They say fashion goes through cycles. The same might be true in portfolio construction, with the rise of goals-based wealth management. Financial professionals increasingly recognize that real-world goals should guide portfolio construction, alongside traditional inputs like market indexes. But the tools of portfolio construction have not caught up yet, and we need new thinking in order to meet the needs of 21st century investors.
Fortunately, the past provides a partial answer to this dilemma. To explain where portfolio construction might be going, we have to understand how we got here. So first, we will give a brief history lesson before outlining where we think portfolio construction is headed.
The earliest mutual funds pursued clear objectives of appreciation, income or stability that aligned intuitively with investor goals, and research found that fund attributes typically matched those objectives; appreciation-oriented funds tended to have higher returns, and income-oriented funds tended to have lower risk. (McDonald, 1974).
But three developments caused the world of investing to move away from the clarity of this objective-based approach. First came “Modern Portfolio Theory” in 1952, which laid out a new way to measure portfolio risk based on volatility.* According to Harry Markowitz, who developed the theory’s foundations and won a Nobel Prize for his work, investors should evaluate correlations between each of their investments and seek to build diversified portfolios that have the highest expected return for their risk tolerance, along a mathematically calculated “efficient frontier.”
Next came the Capital Asset Pricing Model (CAPM), often credited to Bill Sharpe in 1964 (Sharpe, 1964). CAPM argued that the “market” portfolio of all listed companies is most diversified, and in a world where all investors seek to maximize risk-adjusted returns, a company’s equity market capitalization represents aggregate consensus for its optimal portfolio weight. Thus, all investors could simply hold proportions of the market-cap-weighted index consistent with their risk tolerance.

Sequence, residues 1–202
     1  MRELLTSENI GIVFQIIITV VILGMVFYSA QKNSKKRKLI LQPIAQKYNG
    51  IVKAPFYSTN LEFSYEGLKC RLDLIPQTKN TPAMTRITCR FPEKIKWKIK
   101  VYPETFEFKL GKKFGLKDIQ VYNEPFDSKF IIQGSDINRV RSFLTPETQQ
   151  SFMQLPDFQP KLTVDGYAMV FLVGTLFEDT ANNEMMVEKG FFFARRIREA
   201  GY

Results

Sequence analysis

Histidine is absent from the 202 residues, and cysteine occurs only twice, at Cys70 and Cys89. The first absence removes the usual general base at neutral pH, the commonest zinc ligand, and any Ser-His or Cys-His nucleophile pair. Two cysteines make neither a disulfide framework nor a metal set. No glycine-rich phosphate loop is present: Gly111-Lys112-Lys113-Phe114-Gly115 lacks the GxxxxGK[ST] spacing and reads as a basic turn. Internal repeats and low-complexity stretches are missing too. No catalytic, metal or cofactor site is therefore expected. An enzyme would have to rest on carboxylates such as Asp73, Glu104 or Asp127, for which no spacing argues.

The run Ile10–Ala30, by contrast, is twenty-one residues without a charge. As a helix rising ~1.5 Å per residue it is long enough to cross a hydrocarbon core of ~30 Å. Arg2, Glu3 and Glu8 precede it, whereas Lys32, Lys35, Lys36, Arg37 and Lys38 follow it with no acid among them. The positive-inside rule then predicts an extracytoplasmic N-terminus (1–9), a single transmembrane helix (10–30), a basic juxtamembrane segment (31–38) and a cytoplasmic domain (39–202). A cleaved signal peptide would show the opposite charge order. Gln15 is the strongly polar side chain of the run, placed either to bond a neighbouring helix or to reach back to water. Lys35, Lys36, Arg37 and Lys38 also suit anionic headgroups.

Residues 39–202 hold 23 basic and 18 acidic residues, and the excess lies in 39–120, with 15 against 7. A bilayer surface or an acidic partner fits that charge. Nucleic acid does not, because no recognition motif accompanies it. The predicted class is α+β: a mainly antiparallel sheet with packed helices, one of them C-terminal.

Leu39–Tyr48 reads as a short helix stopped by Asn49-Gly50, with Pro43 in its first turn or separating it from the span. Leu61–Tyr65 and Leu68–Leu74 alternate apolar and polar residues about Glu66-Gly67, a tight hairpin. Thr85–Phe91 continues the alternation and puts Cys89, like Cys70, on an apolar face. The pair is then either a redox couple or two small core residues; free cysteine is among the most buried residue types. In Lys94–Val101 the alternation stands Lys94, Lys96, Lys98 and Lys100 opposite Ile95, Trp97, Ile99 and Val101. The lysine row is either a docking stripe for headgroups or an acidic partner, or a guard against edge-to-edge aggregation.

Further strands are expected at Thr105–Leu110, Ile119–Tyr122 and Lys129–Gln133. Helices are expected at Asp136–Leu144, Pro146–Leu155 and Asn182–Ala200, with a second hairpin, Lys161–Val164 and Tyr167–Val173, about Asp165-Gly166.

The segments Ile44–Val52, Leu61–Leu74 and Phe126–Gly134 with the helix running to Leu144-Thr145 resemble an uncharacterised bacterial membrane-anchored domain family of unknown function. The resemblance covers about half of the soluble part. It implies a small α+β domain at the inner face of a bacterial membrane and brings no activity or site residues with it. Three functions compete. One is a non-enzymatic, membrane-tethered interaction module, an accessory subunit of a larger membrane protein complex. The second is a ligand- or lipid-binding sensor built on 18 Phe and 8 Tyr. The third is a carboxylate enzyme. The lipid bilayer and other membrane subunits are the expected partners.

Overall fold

This put indexes at the core of investment thinking, and suggested that active management (defined as any deviation from the index) is risky and appropriate only if it consistently beats the index. In the early 1970s, this thinking leapt from academic journals into the marketplace and gave birth to passive investing when Wells Fargo and Vanguard launched index-tracking funds for institutional and retail clients, respectively.
Finally, the idea of “style” arrived. It started when researchers noticed that a portfolio of “value” (i.e., low price-to-earnings ratio) and “small-cap” stocks had better risk-adjusted returns than the market as a whole (Basu, 1977; Banz, 1981). “Style” in its infancy was not used in the same way it is today, however. In fact, style was seen as a way to evaluate portfolios, not build them. Pension consultants — Russell in 1986 and Wilshire in 1987 — launched indexes that divided the overall market into value/growth and large/small sub-components. These indexes helped categorize funds into sensible peer groups, and also to calculate performance benchmarks (Sharpe, 1988).
Style was initially descriptive and grouped similar funds across factors that were important to results. However, a descriptive tool quickly became prescriptive, as consultants started to advocate that a diversified portfolio must hold each of the different styles. The argument of style diversification was a departure from the early research that emphasized specific styles (i.e., value over growth/small cap over large cap), yet had some intuitive appeal, and became quite popular.
Morningstar’s launch of its style-box framework (a nine-square grid that shows the investment style of a particular fund) further popularized style-based strategies. As a result, investment mandates shifted away from investor-centric objectives like appreciation or income; instead, managers sought to deliver a style or market exposure while beating a peer group of funds (Bernstein, 1995).